Did you realise that dancing can be beneficial to preschoolers? Dancing may appear to be just another type of play or a means to keep children occupied. It does, however, include developmental and learning aspects. Of course, dance can benefit children of all ages, whether structured or not. However, it can have specific purposes in early development. The following are some of the reasons why dancing should be included in childcare and preschool programmes. (Preschool Malaysia)
Dancing, like music, has an impact on the learning and development of youngsters.
We’ve already discussed how music influences young children’s learning. Those ideas are inextricably linked to dancing. Music, in course, lends itself to dance. When we hear a beat, we want to dance to it. Take it a step further: a toddler practising learning skills while memorising dancing steps or counting rhythmic beats.
Movement and activity are linked to memory and a variety of other biological demands, according to a comprehensive piece in The Atlantic (like relieving stress or increasing attention span). In the same article, Emily Cross, a psychologist and lecturer, describes a study showing that children who move around through dancing learn better.
Dancing is an art form that allows preschoolers to express themselves and learn new skills.
The arts, like science, math, and reading, play a vital role in education. Dance, like painting or creative story-telling, has similar health advantages. They assist preschoolers in expressing themselves through their bodies. They are free to disregard the ‘rules’ and move to their hearts’ content. Dancing and performing, on the other hand, accomplishes so much more.
According to this Scholastic article, the process of performing arts provides additional benefits. Children, for example, learn not to be terrified of giving a presentation in front of a group. They also build confidence in their ability to master their act, particularly when they receive plaudits. They can also learn to think on their feet if something goes wrong. These abilities are useful in a variety of disciplines and situations.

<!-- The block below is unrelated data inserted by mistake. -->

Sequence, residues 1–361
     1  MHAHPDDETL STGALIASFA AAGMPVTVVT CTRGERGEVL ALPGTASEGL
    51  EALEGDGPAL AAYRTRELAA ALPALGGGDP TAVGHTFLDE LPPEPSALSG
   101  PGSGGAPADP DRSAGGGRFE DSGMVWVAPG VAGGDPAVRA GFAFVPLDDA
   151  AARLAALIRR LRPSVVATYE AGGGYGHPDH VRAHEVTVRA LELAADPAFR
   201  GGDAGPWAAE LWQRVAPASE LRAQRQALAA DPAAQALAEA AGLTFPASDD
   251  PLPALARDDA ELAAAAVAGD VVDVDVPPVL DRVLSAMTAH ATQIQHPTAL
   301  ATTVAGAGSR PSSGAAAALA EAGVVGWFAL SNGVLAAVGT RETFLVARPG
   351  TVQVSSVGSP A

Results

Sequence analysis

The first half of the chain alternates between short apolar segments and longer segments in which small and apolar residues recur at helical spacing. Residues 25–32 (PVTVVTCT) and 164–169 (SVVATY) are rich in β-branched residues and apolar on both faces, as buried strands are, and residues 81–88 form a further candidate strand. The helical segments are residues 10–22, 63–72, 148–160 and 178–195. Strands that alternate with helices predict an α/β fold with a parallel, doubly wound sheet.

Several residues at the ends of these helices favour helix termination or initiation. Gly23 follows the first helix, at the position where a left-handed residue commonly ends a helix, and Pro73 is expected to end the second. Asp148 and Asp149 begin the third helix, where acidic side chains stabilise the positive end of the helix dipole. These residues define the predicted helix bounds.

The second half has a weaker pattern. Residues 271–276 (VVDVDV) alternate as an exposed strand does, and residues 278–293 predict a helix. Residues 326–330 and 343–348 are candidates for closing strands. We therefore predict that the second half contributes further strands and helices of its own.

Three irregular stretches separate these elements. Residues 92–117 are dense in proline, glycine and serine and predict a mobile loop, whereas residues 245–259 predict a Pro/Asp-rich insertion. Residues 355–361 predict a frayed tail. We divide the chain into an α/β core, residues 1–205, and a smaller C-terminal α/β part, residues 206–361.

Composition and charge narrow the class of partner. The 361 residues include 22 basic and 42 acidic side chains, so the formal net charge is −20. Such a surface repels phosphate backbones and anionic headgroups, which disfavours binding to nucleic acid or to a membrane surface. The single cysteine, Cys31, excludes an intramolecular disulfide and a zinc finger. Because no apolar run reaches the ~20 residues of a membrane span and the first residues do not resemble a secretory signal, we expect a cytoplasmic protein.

Dance frequently involves more than one individual. Children learn to work together in synchrony when they dance in groups. This is excellent social engagement practise.
The effects of ballroom dancing lessons on children in classrooms are discussed in a TED Ed piece titled “Why dance is equally as important as math in school.” Kinder interactions were one of them. The concept is explored further in this piece from The Atlantic, which shows how a violent, poor group of kids began to behave more positively toward one another after taking dancing lessons.
While the tests in the classrooms mentioned above used older children, they do demonstrate how cooperative kinds of dance can benefit preschoolers as well. Pupils can learn to collaborate to complete a dance motion, hold hands and wait for one other’s rhythms, or even mimic and engage in a group activity.
Dancing is a fun way for youngsters to get some exercise while also improving their motor abilities.
Of course, dancing is also a type of exercise, which is always beneficial to children. The advantages of dancing are similar to those of any other form of exercise, with one exception: you don’t need a gym or any special equipment to work up a sweat. It can happen in the middle of the lesson, or as part of a productive break, to help preschoolers focus better throughout the day. It can also help them ‘shake it off,’ allowing them to physically ‘wiggle’ out any pent-up energy or emotions.
To summarise, we can see that dancing is not merely a pointless – albeit extremely enjoyable – pastime. Dancing can be used as an instructional approach and as a way to incorporate art into the curriculum of early childhood educators at daycare and preschool. Plus, when it comes to a child’s emotional and psychological well-being, dancing can undoubtedly play an important role in the daycare or preschool classroom.
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